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Citizen solutions to water quality problems


The Le Sueur River Watershed is characterized as many other agricultural watersheds in Minnesota, where majority of inventoried streams have been altered to improve drainage capacity to maintain productive lands. Over the years, we have seen increased frequency of "mega-rains", where at least six inches of rain covers more than 1,000 square miles. The city of Waseca average annual rainfall from 1941-1970 was approximately 30 inches, and 1981-2010 averages are close to 36 inches. The local hydrology of our watershed has some natural storage capacity, but it's not enough to protect downstream watershed neighbors. Citizens hold the key for finding and implementing solutions that work and a citizen-led process with support from watershed partners is a promising route to cleanup.

For more information on local rainfall visit: 

     Historic mega-rain events in Minnesota

     Southern Research and Outreach Center - Waseca, MN

The Le Sueur River Watershed Network exists to encourage collaboration, empower citizens and nurture a land stewardship amongst those that live, work and recreate in the watershed. The Network is guided by recommendations developed by a Citizen Advisory Committee over a series of meetings from 2012 to 2013 and ratified by the larger Network. The recommendations are described in our: Seven Steps towards cleaner water and river health


Steering Committee

In 2013, a group of citizens in the Le Sueur River Watershed stepped forward to help lead Le Sueur River Watershed Network's efforts to implement projects that support our 7 Recommendations toward cleaner water and river health. ​

1. More stormwater management and more in-ditch storage

2. More experimentation and demonstration with temporary water storage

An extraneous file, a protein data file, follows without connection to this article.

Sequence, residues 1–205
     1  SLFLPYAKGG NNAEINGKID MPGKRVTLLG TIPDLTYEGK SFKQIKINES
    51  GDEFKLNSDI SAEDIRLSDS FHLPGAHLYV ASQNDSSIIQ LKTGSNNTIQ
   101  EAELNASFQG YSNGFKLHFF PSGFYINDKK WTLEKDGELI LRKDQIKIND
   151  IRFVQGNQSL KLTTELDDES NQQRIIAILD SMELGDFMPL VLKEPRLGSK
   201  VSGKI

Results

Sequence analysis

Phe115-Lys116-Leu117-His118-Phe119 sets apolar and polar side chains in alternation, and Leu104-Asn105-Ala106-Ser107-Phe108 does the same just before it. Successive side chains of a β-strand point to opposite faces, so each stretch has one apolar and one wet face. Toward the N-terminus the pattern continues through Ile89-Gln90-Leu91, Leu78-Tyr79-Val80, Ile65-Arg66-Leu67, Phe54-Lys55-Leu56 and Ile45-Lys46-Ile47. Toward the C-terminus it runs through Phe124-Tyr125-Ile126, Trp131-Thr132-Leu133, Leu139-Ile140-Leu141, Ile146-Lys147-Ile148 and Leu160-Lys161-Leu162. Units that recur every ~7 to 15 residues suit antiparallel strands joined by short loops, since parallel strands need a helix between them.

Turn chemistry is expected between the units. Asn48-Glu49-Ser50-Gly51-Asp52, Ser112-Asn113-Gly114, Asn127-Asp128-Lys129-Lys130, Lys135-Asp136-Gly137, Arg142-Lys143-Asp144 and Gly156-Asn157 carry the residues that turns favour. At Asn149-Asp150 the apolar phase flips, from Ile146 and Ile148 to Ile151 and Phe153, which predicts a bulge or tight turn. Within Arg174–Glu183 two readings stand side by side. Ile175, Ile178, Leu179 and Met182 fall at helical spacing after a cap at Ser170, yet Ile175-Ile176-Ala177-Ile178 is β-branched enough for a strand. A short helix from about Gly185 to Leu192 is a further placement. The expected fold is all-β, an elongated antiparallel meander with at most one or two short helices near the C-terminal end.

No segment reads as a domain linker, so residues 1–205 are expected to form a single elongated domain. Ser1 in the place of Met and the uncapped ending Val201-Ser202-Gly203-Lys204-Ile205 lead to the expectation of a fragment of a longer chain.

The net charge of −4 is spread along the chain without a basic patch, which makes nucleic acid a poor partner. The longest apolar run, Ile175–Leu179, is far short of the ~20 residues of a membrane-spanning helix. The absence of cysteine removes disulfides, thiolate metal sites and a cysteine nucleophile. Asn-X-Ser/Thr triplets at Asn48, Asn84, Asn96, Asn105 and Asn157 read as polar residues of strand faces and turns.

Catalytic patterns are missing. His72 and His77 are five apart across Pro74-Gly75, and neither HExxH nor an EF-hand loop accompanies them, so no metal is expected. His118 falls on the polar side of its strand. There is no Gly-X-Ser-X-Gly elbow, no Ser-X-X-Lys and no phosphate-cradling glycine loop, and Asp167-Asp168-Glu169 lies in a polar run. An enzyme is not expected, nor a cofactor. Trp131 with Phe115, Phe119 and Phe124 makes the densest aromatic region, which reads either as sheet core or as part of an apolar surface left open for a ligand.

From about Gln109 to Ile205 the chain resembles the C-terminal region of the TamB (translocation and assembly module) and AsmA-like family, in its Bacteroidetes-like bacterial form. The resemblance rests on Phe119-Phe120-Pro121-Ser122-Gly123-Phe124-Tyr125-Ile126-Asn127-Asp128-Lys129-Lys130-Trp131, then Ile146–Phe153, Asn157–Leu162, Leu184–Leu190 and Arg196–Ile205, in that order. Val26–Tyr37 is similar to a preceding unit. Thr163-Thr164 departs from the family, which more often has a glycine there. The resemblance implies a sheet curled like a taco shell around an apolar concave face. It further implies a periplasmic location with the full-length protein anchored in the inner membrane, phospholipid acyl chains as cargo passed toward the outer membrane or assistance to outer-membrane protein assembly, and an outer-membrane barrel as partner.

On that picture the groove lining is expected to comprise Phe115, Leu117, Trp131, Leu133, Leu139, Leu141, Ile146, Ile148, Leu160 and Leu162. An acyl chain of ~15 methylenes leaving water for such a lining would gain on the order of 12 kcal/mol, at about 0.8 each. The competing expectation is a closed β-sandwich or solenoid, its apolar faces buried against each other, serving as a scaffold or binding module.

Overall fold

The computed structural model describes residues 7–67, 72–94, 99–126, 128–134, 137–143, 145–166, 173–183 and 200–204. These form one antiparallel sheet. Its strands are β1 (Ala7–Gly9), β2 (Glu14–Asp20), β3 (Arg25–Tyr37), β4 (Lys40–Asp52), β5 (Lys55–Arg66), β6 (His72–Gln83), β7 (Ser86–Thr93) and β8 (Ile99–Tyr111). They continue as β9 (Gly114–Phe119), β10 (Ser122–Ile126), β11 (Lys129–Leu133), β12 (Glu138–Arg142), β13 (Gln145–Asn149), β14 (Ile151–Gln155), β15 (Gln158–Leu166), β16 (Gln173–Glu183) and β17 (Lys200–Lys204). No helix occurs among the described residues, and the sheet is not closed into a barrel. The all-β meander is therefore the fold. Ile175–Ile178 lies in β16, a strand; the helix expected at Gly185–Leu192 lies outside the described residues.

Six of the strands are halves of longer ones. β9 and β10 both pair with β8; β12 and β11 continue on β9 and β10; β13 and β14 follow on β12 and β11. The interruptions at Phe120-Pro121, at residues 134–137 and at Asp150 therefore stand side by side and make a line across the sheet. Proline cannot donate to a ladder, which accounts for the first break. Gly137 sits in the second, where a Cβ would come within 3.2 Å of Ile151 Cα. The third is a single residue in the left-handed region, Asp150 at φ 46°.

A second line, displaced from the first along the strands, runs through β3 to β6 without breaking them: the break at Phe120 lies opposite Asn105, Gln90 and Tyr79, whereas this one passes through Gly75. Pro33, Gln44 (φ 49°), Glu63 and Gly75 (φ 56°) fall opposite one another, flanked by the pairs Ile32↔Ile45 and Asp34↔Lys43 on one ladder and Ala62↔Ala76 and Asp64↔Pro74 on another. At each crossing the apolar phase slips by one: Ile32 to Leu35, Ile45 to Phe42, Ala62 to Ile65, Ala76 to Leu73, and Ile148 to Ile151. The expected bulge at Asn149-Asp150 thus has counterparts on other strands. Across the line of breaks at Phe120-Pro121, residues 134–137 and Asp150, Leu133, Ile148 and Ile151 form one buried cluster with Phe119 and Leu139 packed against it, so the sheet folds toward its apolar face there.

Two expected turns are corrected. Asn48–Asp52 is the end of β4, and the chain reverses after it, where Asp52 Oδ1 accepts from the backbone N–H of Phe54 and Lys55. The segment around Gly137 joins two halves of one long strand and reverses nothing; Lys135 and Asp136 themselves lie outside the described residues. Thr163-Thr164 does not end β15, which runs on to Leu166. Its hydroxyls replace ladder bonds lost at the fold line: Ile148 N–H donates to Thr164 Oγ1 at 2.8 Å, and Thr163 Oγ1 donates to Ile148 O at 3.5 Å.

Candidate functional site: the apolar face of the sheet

3. More strategically placed buffers and more terraces and more grass waterways

4. More communication and education among watershed residents

5. Less red tape

6. More river channel maintenance of major snags (causing bank erosion or major obstructions)

7. More streambank and ravine stabilization


In order to realize our recommendations we operate based on civic governance principles:

  1. Help define the problem using civic standards and an appreciate of everyone's role in the situation

  2. Contribute resources (leadership, time, knowledge, constituencies and funds) to solve the problem

  3. Contribute in decision and policymaking that serves the common good

  4. Promote actions in the watershed where they have the authority to act using civic standards

Le Sueur River Watershed Network Governing Document

(Adopted November 2016)

The Steering Committee consists of watershed residents and representatives from state agencies and local conservation offices. Each Steering Committee member brings a different perspective based on their experiences farming, paddling, living, and researching in the Le Sueur River Watershed. They share a common goal: leave a legacy to be proud of for future generations. The Steering Committee meets quarterly to continue growing the Network through improved information flow to watershed residents and elected officials, as well as supporting individual efforts to further our 7 Recommendations in each member's subwatershed.​ The ultimate aim of the Network is to establish the necessary "bounce" to temporarily store water in the Le Sueur River Watershed, thereby reducing peak flows and improve in-channel stability to protect farmland, cities and homes from damage.

Ozzie Arndt


Mark Bosacker


Paul Davis



Pat Duncanson


Brooke Hacker


Haley Byron



Waseca County 

Gene Scheffert


Mike Lynch


Mark Schaetzke


Waseca SWCD

Don & Becky Waskosky


Shelley Harrison


Coordinating Staff

Water Resources Center, Minnesota State University, Mankato
Kimberly Musser


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